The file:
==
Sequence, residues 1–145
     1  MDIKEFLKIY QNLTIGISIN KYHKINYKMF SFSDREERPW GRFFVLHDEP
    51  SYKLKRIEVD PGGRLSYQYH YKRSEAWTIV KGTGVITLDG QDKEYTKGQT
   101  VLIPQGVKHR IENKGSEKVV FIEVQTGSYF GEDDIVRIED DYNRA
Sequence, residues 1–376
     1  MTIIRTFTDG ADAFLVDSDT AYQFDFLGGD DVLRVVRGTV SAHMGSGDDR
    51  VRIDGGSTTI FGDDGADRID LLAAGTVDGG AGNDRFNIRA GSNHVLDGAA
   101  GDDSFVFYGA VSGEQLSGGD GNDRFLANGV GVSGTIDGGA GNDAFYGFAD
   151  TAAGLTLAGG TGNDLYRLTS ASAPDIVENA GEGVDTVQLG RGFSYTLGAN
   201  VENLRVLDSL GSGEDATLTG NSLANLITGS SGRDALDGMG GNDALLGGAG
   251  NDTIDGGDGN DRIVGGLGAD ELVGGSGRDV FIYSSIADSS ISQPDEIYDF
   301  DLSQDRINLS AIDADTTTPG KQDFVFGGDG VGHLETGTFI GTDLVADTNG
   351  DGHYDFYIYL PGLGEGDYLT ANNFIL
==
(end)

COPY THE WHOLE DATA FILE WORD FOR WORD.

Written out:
Sequence, residues 1–145
     1  MDIKEFLKIY QNLTIGISIN KYHKINYKMF SFSDREERPW GRFFVLHDEP
    51  SYKLKRIEVD PGGRLSYQYH YKRSEAWTIV KGTGVITLDG QDKEYTKGQT
   101  VLIPQGVKHR IENKGSEKVV FIEVQTGSYF GEDDIVRIED DYNRA
Sequence, residues 1–376
     1  MTIIRTFTDG ADAFLVDSDT AYQFDFLGGD DVLRVVRGTV SAHMGSGDDR
    51  VRIDGGSTTI FGDDGADRID LLAAGTVDGG AGNDRFNIRA GSNHVLDGAA
   101  GDDSFVFYGA VSGEQLSGGD GNDRFLANGV GVSGTIDGGA GNDAFYGFAD
   151  TAAGLTLAGG TGNDLYRLTS ASAPDIVENA GEGVDTVQLG RGFSYTLGAN
   201  VENLRVLDSL GSGEDATLTG NSLANLITGS SGRDALDGMG GNDALLGGAG
   251  NDTIDGGDGN DRIVGGLGAD ELVGGSGRDV FIYSSIADSS ISQPDEIYDF
   301  DLSQDRINLS AIDADTTTPG KQDFVFGGDG VGHLETGTFI GTDLVADTNG
   351  DGHYDFYIYL PGLGEGDYLT ANNFIL